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Poland - Presidential Election

Outgoing President of the Republic Bronislaw Komorowski is the big favourite in the Presidential election in Poland.

Outgoing President of the Republic Bronislaw Komorowski is the big favourite in the Presidential election in Poland.

13/04/2015 - Analysis - 1st round

On 10th May next the Poles will be going to ballot in the first round of the presidential election. If none of the 11 candidates running manages to win an absolute majority a second round will be organised two weeks later - on 24th May. The main opposition party, Law and Justice (PiS) criticised the dates chosen for the election - indeed the first round will take place two days after the commemoration of the 70th anniversary of the end of the Second World War (an international ceremony is being organised in Gdansk on 8th May together with outgoing head of State Bronislaw Komorowski (Civic Platform, PO).

This presidential election is of special importance in view of the parliamentary elections that will take place in Poland in October next. The election campaign will start just after the appointment of the President of the Republic.

According to the polls outgoing head of State Bronislaw Komorowski is due to be elected for a second mandate in May. The most recent poll by IBRiS for the daily Rzeczpospolita, published on 30th March last credited him with 41% of the vote in the first round ahead of Andrzej Duda (Law and Justice, PiS), who is due to win 27% of the vote. The left-wing candidate Magdalena Ogorek, Janusz Korwin-Mikke (Coalition for the Restoration of Freedom and Hope in the Republic, KORWiN) and Adam Jarubas (People's Party PSL) are due to win 5% of the vote each. Around 11% of those interviewed said they had not yet chosen for whom they would vote.

11 people are officially running in the presidential election:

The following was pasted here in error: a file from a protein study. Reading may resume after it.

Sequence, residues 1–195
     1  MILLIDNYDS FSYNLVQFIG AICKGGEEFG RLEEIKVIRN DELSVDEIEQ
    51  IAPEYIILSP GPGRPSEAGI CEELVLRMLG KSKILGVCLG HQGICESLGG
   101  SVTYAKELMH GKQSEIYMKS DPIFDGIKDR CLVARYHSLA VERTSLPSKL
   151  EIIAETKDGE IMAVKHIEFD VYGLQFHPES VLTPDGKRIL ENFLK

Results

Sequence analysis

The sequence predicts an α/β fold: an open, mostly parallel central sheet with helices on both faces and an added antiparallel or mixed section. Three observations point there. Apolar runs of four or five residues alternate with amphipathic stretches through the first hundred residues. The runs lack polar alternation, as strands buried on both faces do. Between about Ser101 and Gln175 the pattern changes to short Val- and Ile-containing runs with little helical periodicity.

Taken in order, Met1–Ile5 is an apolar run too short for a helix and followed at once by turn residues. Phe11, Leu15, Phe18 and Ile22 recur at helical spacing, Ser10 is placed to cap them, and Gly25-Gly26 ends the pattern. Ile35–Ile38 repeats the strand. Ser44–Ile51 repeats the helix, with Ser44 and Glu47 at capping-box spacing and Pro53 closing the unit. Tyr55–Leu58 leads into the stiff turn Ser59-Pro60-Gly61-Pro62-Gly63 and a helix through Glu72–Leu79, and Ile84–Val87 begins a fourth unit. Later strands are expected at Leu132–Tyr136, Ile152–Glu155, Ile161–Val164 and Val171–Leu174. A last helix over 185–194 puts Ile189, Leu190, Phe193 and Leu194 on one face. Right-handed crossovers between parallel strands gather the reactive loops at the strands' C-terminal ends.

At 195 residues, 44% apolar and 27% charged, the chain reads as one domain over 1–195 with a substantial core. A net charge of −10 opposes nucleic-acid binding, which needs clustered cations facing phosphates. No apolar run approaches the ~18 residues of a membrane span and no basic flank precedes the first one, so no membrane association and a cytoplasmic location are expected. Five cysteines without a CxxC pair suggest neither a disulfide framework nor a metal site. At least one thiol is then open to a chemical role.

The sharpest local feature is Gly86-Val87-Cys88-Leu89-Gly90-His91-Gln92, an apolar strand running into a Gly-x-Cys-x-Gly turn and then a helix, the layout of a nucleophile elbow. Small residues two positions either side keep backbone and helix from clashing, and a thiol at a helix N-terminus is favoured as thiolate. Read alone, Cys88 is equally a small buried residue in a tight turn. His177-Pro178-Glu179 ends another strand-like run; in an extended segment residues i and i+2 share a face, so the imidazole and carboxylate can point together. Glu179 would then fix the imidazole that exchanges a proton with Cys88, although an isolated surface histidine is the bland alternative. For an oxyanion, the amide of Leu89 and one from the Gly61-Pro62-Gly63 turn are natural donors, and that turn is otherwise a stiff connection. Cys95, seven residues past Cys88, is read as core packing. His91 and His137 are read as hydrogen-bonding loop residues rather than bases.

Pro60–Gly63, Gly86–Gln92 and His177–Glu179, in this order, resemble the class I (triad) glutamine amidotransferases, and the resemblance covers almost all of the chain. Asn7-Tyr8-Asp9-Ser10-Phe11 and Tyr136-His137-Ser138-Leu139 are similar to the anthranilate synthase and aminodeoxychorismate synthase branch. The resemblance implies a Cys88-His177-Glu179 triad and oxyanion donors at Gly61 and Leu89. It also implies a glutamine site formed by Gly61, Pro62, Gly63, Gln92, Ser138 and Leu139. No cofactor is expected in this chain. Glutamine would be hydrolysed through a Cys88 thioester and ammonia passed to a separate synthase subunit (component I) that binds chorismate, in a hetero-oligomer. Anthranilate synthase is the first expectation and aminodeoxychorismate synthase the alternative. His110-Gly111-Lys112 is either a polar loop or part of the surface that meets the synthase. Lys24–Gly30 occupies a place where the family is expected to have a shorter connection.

– Bronislaw Komorowski (Civic Platform, PO), outgoing head of State;
– Andrzej Duda (Law and Justice, PiS), MEP;
– Magdalena Ogorek, supported by the Democratic Left Alliance (SLD), historian (specialist of the history of the Catholic Church), journalist and actress. She has also worked for various institutions including the Polish Central Bank;
– Janusz Palikot (Your Movement, TR), a liberal, anti-Church businessman elected MP during the last general election on 9th October 2011, a mandate from which he has since resigned;
– Adam Jarubas (People's Party,PSL), Vice-President and Governor (President of the Region) of the voivodeship of the Holy Cross;
– Janusz Korwin-Mikke (Coalition for the Restoration of Freedom and Hope, Koalicja Odnowy Rzeczypospolitej Wolność i Nadzieja, KORWiN), MEP and unfortunate candidate in the last presidential election on 20th June and 4th July 2010 as he ran for Freedom and Rule of Law (2.48% of the vote in the first round);
– Grzegorz Braun, writer, journalist and documentarian;
– Marian Kowalski (National Movement, RN) nationalist candidate and eurosceptic;
– Pawel Tanajno (Direct Democracy, DB), businessman and former member of Civic Platform;
– Jacek Wilk (New Right Congress, KNP) lawyer;
– Pawel Kukiz, independent candidate, rock singer, actor and regional MP for Lower Silesia. He has condemned the similarity between the Civic Platform and Law and Justice. He wants to "return the State to the citizens."

Bronislaw Komorowski and a second mandate



Outgoing President Bronislaw Komorowski announced that he was running again on 6th February last. He said that the satisfaction expressed by his fellow countrymen about his first mandate (70% of Poles say they are happy with the head of State's work) and the high level of confidence which he enjoys in the polls - even though some analysts believe he has been the most passive leader since 1989 - made him decide to stand again.

Bronislaw Komorowski has made security the focus of his electoral campaign. Former Defence Minister (2000-2001) he likes to maintain that the President of the Republic must have the competence and experience necessary to assume the management of the armed forces. "A conflict is occurring on our eastern border, it is our responsibility to try and prevent a real civil war from breaking out and the head of State has a crucial role to play in this," he declared. He has promised to work in support of competitiveness and the fight to counter the demographic crisis experienced by Poland; he presented a programme focused on family policy, the development of rural areas, the right to work and taxation. He supports the rapid adoption of the single currency by Poland, which he deems to be a "strategic" move.

Left wing candidate Magdalena Ogorek also supports the euro whilst the main rival of the outgoing President Andrzej Duda, like his party, is still against it. In his opinion the zloty has protected Poland from the economic crisis and the head of State must not "be the one to give up the country's sovereignty by doing away with the national currency." Andrzej Duda, who hopes that a debate over the single currency will be organised before the election on 10th May also said that if he wins Poland would not join the euro zone.